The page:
Antoni Porowski has written a cookbook, owns a restaurant in New York City and is the food and wine expert on Netflix’s Queer Eye, but it wasn’t until a few years ago that he even considered a career in food. Though he always loved to eat, from watching his mom cook Polish recipes as a kid to hosting dinner parties for his parents’ friends at 12 years old, his first dream was to be an actor. “I honestly never thought I would work with food, as important as it was to me,” Porowski says in an interview for Triscuits Wheatberry Clusters. “I love food. But I also love music and books. It doesn’t mean I’m a writer or a musician, even though I was in a band in college called the Silver Spoons and we were terrible.”
Porowski’s professional introduction to food came in his 20s when he worked as a waiter in New York to support himself in between auditions. After several years, he worked his way up to become the manager of a downtown sushi restaurant before meeting Ted Allen, the food and wine expert on Bravo’s Queer Eye for the Straight Guy and Porowski’s neighbor at the time, who hired him as his personal assistant. “That was my first, no pun intended, taste of what it would be like to work in the food world,” Porowski says.
After a couple years as Allen’s assistant, where he worked on recipes with him and learned the ins and outs of the food business, Porowski left to become the curator of an art gallery. When the opportunity for Queer Eye came around, a year and a half later, Porowski knew the first person to contact for advice. “At first, he was surprised and was like, ‘But you’re an actor.’ And then he was like, ‘No. But actually…’” Porowski says. “His words, not mine. He was like, ‘If you get this, you’re going to know a lot more about food than I did when I started Queer Eye. If somebody should do it, why the hell not you?’”
I had no idea if the show was going to be big or not, but I had the sense of accomplishment.
After this conversation, Allen called the creators of the show to give Porowski his blessing. Several months and auditions later, while he was mid-sale on a brass sideboard owned by Andy Warhol at his gallery, Porowski received the call that he booked Queer Eye. “My boyfriend and I took the subway home afterward and we were staring at each other and smiling and couldn’t say anything,” Porowski says. “I had no idea if the show was going to be big or not, but I had the sense of accomplishment. Like I went there and showed them my true self and somebody thinks I should do that for a living, which is an extreme form of validation.”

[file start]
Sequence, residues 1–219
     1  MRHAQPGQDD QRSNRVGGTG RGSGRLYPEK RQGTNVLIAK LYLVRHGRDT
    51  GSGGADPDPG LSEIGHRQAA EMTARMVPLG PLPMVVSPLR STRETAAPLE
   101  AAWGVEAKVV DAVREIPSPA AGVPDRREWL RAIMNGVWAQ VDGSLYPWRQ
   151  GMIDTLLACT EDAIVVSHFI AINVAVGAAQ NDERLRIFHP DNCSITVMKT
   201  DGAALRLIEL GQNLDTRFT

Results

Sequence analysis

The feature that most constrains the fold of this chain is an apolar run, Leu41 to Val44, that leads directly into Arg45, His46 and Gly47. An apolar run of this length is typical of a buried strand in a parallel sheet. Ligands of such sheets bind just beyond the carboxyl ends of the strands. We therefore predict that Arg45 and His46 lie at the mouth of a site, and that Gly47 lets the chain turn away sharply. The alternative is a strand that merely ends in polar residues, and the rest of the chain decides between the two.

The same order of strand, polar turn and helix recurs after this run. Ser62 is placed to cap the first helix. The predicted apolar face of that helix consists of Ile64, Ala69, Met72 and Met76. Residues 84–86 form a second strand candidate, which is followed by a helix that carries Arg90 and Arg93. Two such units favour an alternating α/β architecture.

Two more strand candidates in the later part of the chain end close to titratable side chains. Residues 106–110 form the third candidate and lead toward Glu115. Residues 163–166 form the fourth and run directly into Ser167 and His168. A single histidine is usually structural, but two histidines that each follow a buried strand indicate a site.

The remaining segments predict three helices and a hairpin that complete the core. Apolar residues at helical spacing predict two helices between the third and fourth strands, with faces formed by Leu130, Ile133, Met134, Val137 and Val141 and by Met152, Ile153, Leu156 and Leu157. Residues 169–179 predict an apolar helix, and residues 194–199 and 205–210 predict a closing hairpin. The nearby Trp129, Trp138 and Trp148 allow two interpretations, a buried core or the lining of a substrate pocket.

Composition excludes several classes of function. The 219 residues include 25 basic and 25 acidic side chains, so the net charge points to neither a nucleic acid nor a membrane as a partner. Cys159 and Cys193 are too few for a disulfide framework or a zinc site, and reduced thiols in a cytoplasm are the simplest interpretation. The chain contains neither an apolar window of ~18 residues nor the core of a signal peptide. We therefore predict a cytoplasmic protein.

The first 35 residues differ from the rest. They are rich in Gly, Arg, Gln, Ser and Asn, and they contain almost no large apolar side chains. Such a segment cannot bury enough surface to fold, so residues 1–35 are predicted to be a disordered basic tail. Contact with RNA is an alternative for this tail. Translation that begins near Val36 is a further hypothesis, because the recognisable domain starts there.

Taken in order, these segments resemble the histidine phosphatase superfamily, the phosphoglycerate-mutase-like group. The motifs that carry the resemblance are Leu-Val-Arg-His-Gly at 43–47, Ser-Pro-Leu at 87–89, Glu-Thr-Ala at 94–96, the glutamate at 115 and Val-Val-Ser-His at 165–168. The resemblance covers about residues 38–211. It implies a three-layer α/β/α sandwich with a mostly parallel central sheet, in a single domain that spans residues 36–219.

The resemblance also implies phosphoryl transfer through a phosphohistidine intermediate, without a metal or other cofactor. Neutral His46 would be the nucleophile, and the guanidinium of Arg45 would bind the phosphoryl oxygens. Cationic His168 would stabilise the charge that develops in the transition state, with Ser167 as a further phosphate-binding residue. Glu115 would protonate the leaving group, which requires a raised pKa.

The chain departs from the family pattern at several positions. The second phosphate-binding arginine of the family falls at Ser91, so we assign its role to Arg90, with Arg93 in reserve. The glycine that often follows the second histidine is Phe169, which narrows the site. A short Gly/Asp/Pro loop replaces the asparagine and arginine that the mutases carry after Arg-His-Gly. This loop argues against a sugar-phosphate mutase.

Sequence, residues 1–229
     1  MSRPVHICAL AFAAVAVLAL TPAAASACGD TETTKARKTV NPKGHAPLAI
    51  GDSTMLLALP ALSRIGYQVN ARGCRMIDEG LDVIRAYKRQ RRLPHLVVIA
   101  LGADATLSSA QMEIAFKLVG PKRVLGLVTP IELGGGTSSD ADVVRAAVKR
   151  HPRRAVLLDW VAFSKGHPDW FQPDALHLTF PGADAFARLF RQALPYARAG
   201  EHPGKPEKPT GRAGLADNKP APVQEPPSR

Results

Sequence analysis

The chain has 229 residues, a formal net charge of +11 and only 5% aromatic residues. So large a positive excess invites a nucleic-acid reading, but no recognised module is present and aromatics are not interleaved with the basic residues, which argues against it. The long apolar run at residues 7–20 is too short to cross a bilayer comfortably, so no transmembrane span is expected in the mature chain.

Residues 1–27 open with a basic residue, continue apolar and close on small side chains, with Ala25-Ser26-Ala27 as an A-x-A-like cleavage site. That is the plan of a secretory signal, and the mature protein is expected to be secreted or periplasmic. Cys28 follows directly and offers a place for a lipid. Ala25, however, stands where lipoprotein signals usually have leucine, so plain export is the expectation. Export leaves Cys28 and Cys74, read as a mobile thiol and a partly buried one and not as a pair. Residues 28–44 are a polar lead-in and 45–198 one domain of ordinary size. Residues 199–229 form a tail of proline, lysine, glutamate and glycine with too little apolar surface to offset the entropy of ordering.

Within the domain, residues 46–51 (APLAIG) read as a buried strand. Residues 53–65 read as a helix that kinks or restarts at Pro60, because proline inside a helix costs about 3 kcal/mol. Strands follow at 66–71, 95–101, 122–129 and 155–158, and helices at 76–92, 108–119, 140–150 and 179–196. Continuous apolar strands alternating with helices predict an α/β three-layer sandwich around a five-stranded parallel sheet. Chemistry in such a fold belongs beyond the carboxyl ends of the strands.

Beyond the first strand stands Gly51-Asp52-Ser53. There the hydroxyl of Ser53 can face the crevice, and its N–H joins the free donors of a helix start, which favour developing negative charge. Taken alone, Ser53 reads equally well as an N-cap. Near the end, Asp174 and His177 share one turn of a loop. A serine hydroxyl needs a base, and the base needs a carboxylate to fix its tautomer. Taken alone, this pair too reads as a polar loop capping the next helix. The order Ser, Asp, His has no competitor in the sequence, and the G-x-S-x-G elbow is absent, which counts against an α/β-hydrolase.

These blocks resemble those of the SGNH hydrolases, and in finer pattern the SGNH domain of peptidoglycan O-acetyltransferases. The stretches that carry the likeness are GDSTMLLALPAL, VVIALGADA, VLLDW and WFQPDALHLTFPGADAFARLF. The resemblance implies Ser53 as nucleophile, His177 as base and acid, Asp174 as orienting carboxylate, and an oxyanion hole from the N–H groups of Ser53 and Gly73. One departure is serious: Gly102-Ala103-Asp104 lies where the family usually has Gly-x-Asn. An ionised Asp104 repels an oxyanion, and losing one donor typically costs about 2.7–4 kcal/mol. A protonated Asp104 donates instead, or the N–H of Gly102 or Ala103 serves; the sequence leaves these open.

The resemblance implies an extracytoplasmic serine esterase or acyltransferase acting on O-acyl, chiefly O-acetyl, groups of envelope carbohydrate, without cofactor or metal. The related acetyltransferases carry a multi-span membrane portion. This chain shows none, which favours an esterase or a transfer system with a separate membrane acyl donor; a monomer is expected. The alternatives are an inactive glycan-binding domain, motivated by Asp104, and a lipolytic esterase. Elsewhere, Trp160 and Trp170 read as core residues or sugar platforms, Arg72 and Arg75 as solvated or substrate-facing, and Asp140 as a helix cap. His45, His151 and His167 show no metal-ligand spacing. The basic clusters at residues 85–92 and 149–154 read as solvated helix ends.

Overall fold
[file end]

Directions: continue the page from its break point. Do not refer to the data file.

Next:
The show became an instant success, and Porowski’s following skyrocketed from a few hundred to three million. His fame afforded him opportunities like a cookbook, a restaurant in New York and deals with food brands. But with his success came a cost to his self-care. “At the beginning, I really didn’t know how long all this was going to last. I thought it was going to be five minutes of fame, and then it was going to be done, so I said yes to everything,” Porowski says. “I almost burned myself to the ground. I was filming Kansas City episodes while I was working on the cookbook and sleeping four hours a night and basically living off coffee.” The experience has taught Porowski two lessons: how to say no and to cherish the free time he does have. “My days are blocked out for the next few weeks, to the hour. It’s not the life I had a year and a half ago at all,” Porowski says. “Time to walk around the city and stroll around the flower market, those are so few and far between, so everything is so precious to me.”